Herb News


Gardening Articles for week ending  9th December 2006
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Written by Wally Richards.


The question is; do you have a garden invasion happening each evening?
An email from a reader this week stated the following; ?The other evening just on dusk we were out in the garden and heard a low humming noise. My husband thought it was a helicopter or a light plane far in the distance, I thought it was a huge swarm of bees coming, but it turned out to be grass grub on the wing.?   Sounds a bit frightening but that is what maybe happening to many gardens around the country at this time.
       Last year one gardener contacted me and said his citrus trees were being defoliated, so one evening he went outside with a torch to see what was happening. He was amazed to find his citrus trees crawling in grass grub beetles to such an extent, that it was difficult to see the leaves.  Next morning there would not be one to be found only the chewed up leaves that were left.
The poor weather conditions this spring has meant that the beetles have been slow to emerge so likely great numbers of the pests are emerging at the same time when conditions permit.
      The females will lay about a 100 odd eggs each in a 2-3 week period in clusters 20 to 40 about 70 to 200mm deep in the soil. The grubs hatch out 16 to 21 days later and start eating the roots of grasses.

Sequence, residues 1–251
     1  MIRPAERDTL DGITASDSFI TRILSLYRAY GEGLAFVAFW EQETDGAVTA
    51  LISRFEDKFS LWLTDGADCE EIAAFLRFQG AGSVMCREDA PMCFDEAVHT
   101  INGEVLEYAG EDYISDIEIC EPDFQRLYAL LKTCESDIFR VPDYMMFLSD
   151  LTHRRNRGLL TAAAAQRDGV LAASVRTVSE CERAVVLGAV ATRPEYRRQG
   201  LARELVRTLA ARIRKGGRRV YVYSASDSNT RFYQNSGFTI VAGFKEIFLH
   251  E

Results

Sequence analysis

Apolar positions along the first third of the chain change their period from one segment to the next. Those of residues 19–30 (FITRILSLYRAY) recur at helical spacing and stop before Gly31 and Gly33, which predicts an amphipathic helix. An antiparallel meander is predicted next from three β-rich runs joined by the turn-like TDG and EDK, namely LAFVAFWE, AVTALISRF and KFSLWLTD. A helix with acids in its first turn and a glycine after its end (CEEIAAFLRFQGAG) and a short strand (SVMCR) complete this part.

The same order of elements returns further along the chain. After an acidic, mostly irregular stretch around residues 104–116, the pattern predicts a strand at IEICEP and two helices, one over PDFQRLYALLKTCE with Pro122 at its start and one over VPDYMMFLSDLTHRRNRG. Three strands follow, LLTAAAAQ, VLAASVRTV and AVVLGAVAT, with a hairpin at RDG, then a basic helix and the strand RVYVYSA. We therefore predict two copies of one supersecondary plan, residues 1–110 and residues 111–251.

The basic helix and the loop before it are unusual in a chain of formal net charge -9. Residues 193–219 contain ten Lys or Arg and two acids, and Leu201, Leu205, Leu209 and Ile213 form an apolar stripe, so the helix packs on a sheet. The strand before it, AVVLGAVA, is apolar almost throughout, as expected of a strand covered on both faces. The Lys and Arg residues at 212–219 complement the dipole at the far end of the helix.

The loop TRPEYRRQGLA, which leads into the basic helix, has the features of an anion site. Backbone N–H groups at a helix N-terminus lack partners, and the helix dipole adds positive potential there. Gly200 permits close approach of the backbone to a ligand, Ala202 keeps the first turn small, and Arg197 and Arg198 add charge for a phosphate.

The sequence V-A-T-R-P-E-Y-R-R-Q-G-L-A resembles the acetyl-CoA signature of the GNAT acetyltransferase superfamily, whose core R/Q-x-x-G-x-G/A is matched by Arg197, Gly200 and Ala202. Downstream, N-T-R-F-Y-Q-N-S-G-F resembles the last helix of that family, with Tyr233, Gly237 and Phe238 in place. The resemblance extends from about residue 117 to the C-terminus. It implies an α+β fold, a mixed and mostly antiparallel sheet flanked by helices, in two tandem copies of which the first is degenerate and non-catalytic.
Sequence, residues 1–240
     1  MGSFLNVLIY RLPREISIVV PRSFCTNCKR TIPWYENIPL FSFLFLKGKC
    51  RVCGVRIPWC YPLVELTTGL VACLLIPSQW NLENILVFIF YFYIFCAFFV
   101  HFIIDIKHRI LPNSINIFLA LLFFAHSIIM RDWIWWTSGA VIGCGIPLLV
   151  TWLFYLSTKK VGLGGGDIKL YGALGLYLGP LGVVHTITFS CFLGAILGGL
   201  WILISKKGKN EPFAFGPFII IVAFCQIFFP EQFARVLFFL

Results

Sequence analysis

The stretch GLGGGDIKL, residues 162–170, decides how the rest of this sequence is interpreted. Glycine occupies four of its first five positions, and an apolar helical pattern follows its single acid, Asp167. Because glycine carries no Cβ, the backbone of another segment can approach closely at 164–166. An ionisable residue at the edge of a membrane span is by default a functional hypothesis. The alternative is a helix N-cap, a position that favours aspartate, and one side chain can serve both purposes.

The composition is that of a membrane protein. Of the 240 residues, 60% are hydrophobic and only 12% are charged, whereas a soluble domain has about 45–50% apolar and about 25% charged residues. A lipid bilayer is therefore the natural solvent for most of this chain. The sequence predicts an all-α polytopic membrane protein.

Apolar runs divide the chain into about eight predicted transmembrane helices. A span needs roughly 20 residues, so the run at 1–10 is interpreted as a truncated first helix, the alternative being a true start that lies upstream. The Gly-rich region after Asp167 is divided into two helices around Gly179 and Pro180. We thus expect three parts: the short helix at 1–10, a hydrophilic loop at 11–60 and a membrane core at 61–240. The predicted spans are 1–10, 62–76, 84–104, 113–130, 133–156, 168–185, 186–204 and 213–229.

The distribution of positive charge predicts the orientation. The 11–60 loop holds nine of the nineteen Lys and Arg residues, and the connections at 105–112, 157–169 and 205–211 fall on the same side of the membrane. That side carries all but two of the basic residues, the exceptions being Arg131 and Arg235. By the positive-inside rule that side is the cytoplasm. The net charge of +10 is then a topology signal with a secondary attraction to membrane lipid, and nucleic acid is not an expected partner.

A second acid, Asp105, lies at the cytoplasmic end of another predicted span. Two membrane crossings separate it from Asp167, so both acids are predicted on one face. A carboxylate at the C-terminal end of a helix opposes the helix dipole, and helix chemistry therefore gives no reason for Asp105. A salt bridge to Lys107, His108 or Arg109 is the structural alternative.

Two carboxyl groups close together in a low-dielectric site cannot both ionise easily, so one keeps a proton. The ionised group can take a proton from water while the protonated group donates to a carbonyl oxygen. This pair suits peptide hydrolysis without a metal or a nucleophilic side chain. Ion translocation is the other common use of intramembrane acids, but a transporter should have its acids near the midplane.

More often than not the female will lay her eggs back in the area that she emerged from unless she is attracted away by light at night. Hence the worst infestations will be localized or near areas that are lit at night. The grubs are not easy to control in the soil until they have reached the base of grass near the soil?s surface which is usually about May to July. By that time there maybe little roots left on the grass and as it is winter then, the grasses often don't show signs of damage until they start to try to grow in the spring. Without sufficient roots to sustain the grasses they tend to fail and brown off.
    Mistakenly gardeners often treat their lawns at that time to no avail as the grubs have returned to the lower depths to pupate. ( I have written extensive information about grass grub control in my recent book, ?Wally?s Down to Earth Gardening Guide.?)
I believe the best way to control the grass grub problem is at this time while they are in the adult beetle stage. Light attracts the beetles around dusk to early evening, just as light attracts moths.